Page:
Medications Used to Treat Lupus
Nonsteroidal Anti-Inflammatory Drugs (NSAIDs) continued...
Types of NSAIDs
There are as many as 70 NSAIDs on the market, and new ones are constantly becoming available. Some can be purchased as over-the-counter preparations, whereas larger doses of those drugs or other preparations are available only by prescription. For example, prescriptions are required for diclofenac sodium (Voltaren), indomethacin (Indocin), diflunisal (Dolobid), and nabumetone (Relafen).
Mechanism of Action and Use
The therapeutic effects of NSAIDs stem from their ability to inhibit the release of prostaglandins and leukotrienes, which are responsible for producing inflammation and pain. NSAIDs are very useful in treating joint pain and swelling and muscle pain. They may also be used to treat pleuritic chest pain. An NSAID may be the only drug needed to treat a mild flare; more active disease may require additional medications.
Although all NSAIDs appear to work in the same way, not every one has the same effect on every person. In addition, patients may do well on one NSAID for a period of time, then, for some unknown reason, derive no benefit from it. Switching the patient to a different NSAID should produce the desired effects. Patients should use only one NSAID at any given time.
Gastrointestinal: Dyspepsia, heartburn, epigastric distress, and nausea; less frequently, vomiting, anorexia, abdominal pain, GI bleeding, and mucosal lesions. Misoprostol (Cytotec), a synthetic prostaglandin that inhibits gastric acid secretion, may be given to prevent GI intolerance. It prevents gastric ulcers and their associated GI bleeding in patients receiving NSAIDs.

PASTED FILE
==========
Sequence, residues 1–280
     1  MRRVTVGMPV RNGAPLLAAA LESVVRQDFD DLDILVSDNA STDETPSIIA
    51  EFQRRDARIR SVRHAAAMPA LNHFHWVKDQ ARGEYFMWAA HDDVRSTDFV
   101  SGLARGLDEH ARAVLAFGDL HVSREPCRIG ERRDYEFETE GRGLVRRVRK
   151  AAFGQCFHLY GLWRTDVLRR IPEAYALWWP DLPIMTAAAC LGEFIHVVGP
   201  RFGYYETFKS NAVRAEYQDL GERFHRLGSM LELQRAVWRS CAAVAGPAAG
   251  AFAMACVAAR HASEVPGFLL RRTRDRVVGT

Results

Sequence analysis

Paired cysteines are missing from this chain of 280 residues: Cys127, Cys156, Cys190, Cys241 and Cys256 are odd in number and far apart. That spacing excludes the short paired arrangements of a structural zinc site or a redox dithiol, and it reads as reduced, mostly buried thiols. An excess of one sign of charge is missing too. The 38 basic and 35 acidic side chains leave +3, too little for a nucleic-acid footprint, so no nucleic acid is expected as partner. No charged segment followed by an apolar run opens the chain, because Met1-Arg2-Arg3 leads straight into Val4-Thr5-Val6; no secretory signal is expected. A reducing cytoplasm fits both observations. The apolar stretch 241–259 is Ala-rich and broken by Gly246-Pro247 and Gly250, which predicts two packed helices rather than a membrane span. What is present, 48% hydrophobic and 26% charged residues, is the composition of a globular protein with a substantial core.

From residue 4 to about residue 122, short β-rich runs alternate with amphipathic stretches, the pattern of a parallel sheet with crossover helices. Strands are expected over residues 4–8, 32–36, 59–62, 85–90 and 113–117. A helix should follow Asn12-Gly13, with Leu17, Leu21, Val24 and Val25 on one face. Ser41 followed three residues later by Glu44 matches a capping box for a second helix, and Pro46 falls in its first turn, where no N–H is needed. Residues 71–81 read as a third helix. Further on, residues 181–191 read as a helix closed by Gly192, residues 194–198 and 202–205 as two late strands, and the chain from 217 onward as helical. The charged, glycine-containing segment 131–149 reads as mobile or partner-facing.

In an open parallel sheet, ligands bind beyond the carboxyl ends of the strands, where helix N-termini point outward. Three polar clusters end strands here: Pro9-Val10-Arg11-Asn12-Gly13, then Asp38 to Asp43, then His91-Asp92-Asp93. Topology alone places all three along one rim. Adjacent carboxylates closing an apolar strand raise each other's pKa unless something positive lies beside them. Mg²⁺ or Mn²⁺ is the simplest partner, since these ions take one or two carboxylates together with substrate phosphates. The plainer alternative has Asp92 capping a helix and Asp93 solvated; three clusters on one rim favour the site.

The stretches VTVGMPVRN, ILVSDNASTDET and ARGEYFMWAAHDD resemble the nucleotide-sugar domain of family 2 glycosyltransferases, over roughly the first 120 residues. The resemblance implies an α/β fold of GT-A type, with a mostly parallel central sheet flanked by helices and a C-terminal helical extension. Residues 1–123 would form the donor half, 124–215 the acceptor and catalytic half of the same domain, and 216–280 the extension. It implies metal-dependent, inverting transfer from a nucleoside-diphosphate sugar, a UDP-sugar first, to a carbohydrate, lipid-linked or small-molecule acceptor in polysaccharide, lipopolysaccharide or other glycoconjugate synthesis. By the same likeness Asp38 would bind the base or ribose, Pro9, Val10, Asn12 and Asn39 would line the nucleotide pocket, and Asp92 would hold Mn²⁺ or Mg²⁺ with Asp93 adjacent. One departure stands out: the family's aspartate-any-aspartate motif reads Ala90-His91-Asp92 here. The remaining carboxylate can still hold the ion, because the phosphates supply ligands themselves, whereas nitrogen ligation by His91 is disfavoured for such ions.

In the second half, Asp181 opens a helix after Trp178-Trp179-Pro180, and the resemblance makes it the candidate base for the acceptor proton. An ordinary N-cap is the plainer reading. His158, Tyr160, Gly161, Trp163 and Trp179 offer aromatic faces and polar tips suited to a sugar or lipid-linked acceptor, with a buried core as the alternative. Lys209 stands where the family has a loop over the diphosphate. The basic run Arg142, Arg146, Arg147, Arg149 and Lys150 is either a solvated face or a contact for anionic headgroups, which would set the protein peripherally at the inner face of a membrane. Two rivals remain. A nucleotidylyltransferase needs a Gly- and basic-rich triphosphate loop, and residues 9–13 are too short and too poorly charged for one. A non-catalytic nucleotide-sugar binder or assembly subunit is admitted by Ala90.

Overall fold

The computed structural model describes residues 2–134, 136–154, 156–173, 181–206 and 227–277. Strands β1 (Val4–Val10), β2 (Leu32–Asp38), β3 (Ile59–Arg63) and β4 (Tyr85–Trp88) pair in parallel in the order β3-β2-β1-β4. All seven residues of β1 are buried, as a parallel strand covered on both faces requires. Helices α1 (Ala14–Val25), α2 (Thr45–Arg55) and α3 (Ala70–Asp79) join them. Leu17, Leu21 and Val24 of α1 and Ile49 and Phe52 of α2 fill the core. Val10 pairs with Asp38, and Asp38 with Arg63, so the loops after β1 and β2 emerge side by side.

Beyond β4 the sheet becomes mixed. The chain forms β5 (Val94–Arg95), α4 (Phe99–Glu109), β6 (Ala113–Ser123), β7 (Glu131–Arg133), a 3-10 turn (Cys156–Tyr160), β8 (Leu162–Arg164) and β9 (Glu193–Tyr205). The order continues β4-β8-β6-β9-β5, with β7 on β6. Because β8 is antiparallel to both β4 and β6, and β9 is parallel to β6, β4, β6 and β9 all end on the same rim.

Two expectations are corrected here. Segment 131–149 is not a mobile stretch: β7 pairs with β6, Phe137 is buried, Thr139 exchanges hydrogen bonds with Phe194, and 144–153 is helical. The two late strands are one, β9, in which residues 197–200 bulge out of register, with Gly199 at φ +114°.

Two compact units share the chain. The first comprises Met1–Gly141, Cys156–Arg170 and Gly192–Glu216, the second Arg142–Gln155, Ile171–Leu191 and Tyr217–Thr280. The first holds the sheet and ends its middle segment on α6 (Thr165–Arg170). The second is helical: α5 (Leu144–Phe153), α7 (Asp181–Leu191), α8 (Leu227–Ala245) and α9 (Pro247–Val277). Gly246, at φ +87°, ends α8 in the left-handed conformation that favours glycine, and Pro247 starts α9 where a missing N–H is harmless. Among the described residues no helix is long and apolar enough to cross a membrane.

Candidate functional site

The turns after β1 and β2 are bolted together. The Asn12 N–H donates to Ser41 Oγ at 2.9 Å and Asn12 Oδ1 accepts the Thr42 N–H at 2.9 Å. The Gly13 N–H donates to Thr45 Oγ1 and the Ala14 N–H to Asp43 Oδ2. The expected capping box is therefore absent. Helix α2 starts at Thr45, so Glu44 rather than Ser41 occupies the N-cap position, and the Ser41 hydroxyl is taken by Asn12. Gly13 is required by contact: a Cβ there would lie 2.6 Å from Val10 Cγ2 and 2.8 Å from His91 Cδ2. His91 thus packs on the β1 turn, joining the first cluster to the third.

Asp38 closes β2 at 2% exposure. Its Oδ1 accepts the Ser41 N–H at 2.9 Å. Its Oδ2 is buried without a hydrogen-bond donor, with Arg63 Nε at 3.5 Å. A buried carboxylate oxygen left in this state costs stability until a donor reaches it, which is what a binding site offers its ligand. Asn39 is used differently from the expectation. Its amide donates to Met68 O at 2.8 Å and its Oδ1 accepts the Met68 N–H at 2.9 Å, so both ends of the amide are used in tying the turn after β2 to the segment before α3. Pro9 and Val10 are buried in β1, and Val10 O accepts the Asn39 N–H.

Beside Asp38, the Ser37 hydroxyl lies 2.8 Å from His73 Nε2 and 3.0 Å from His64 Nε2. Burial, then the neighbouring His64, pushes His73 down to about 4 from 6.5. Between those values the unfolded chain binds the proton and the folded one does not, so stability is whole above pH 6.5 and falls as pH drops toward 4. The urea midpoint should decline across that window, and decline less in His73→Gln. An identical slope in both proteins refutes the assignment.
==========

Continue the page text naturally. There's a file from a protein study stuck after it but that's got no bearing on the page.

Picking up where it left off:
Genitourinary: Fluid retention, reduction in creatinine clearance, and acute tubular necrosis with renal failure.
Hepatic: Acute reversible hepatotoxicity.
Cardiovascular: Hypertension and moderate to severe noncardiogenic pulmonary edema.
Hematologic: Altered hemostasis through effects on platelet function.
Other: Skin eruption, sensitivity reactions, tinnitus, and hearing loss.
Pregnancy and Lactation
NSAIDs should be avoided during the first trimester and just before delivery; they may be used cautiously at other times during pregnancy. NSAIDs appear in breast milk and should be used cautiously by breastfeeding mothers.
Considerations for Health Professionals
History: Allergy to salicylates, other NSAIDs, cardiovascular dysfunction, hypertension, peptic ulcer, GI bleeding or other bleeding disorders, impaired hepatic or renal function, pregnancy, and lactation.
Laboratory data: Hepatic and renal studies, CBC, clotting times, urinalysis, serum electrolytes, and stool for guaiac.
Physical: All body systems to determine baseline data and alterations in function, skin color, lesions, edema, hearing, orientation, reflexes, temperature, pulse, respirations, and blood pressure.
Therapeutic response, including decreased inflammation and adverse effects.
With food or milk (to decrease gastric irritation).
This group of drugs was first developed during World War II because quinine, the standard treatment for malaria, was in short supply. Investigators discovered antimalarials could also be used to treat the joint pain that occurs with rheumatoid arthritis. Subsequent use of antimalarials showed that they are effective in controlling lupus arthritis, skin rashes, mouth ulcers, fatigue, and fever. They have also been shown to be effective in the treatment of DLE. Antimalarials are not used to manage more serious, systemic forms of SLE that affect the organs. It may be weeks or months before the patient notices that these drugs are controlling disease symptoms.